The smell is sulfur gas leaving your battery and that means the battery is getting over charged. Are you using a battery temperature sensor? When batteries get hot, they need lower charge voltages, so the temperature sensor is important to keep them from being over charged in hot weather.

This is a good question and most people are probably heavily influenced by what they have in stock, just as you say.  There is not an firm rule, but anything over about 150 amps of current is a good candidate to move up to the next available voltage.  This would imply a break-out of about 1800w as the limit for 12v, 3,600w for 24v and so on.  Most inverter manufacturers follow close to that line, although Magnum has some high current units like the MS2712E (225 amps) which is mostly aimed at the RV/caravan markets where the coach battery bank is 12v.

The main thing is to get the cable sizing and breakers/fuses correct – check the wire sizing chart and overcurrent protection charts on our site.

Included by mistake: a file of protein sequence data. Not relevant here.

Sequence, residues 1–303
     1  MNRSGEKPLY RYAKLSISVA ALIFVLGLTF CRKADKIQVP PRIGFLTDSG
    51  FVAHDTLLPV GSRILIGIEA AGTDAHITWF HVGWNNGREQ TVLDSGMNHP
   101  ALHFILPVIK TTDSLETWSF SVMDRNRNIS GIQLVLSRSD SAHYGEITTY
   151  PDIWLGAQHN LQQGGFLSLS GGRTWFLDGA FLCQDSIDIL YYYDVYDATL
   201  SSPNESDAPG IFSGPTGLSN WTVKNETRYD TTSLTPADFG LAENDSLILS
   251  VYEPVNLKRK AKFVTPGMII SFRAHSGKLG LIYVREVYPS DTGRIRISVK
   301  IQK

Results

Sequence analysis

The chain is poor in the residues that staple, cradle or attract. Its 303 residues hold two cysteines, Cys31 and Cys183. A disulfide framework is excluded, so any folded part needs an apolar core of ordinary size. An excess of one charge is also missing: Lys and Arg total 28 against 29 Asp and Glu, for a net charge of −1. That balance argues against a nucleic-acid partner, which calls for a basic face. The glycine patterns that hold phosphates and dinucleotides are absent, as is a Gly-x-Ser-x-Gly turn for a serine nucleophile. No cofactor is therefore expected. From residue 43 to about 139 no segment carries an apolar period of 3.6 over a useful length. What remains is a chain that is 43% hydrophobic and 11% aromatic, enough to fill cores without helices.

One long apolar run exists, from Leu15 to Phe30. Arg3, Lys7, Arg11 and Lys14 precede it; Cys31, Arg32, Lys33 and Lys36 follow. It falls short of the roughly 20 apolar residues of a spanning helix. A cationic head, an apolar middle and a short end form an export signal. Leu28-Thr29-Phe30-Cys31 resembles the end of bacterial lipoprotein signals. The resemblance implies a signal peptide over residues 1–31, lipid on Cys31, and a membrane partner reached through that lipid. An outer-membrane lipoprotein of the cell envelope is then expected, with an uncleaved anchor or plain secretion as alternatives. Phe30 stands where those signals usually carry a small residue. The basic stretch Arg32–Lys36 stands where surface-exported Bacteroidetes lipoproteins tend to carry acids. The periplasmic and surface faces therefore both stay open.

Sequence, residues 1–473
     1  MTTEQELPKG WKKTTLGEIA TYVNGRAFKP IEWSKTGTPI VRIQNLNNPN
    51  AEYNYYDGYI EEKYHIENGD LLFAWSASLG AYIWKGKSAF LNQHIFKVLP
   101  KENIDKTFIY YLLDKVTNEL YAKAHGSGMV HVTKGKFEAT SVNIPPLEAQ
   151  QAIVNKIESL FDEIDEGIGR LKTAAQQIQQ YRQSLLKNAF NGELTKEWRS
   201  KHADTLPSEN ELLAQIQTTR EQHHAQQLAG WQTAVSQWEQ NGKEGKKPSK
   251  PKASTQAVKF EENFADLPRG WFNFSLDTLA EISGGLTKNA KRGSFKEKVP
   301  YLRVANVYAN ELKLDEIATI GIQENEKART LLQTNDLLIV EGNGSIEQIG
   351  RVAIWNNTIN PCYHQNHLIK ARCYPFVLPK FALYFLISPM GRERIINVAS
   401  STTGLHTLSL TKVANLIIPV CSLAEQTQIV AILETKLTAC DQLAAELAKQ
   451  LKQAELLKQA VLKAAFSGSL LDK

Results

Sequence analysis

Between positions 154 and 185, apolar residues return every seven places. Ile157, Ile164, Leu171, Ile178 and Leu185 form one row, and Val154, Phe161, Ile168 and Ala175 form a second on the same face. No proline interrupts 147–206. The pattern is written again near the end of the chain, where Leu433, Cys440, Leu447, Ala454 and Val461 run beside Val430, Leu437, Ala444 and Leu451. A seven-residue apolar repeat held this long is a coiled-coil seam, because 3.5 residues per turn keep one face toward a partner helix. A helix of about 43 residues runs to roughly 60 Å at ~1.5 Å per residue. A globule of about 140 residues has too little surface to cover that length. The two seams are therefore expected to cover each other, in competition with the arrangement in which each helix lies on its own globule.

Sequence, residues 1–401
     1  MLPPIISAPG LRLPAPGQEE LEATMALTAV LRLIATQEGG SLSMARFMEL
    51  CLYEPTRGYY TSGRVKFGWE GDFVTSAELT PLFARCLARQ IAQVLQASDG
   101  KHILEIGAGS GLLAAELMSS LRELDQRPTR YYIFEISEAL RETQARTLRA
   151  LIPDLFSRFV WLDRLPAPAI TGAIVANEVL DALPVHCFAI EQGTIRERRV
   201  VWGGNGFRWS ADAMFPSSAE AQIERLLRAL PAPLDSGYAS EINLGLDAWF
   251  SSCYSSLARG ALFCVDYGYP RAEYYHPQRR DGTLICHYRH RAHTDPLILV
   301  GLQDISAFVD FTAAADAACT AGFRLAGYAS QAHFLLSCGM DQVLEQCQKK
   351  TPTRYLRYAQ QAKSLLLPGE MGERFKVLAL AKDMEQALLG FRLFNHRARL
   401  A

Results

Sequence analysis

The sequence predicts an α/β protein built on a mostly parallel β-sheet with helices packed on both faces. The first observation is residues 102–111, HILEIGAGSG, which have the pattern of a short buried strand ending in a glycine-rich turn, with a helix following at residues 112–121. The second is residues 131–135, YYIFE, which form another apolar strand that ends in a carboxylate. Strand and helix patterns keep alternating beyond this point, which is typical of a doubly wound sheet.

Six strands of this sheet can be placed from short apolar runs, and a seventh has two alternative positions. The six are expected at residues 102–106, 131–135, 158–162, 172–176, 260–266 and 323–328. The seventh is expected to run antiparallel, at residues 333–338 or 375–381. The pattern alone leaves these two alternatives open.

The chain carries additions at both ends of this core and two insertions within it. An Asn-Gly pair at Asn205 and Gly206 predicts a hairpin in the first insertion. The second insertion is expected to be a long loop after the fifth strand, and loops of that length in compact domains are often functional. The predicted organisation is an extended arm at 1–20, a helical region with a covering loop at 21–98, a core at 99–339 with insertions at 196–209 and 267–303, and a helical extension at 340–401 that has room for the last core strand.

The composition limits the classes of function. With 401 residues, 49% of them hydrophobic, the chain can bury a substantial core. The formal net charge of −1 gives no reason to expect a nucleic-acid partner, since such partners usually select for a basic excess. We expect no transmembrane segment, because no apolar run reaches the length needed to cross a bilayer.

In a perfect world, we would work at very high voltages – this would reduce power loss due to heat, allow smaller cable sizes, and put less stress on the weak parts of the battery cabling (like terminal connections).   But the solar industry was built around automotive battery standards, so we are all working in sets of 12v at the moment.  There are more and more inverters and charge controllers available at higher voltages now, but because of our batteries, those are still only practical for fairly large systems.  As the battery industry changes, we might see different voltages for storage, which would allow changes in all of the other components.

On the MS4348PAE I would check the “Threshold Setting” in the ME-RTR. If you set the threshold lower or OFF the Slave will respond faster to help the Master run loads.

To Change the Threshold setting:

1.    Push the SETUP button
2.    #2 Inverter SETUP
3.    02E Parallel Threshold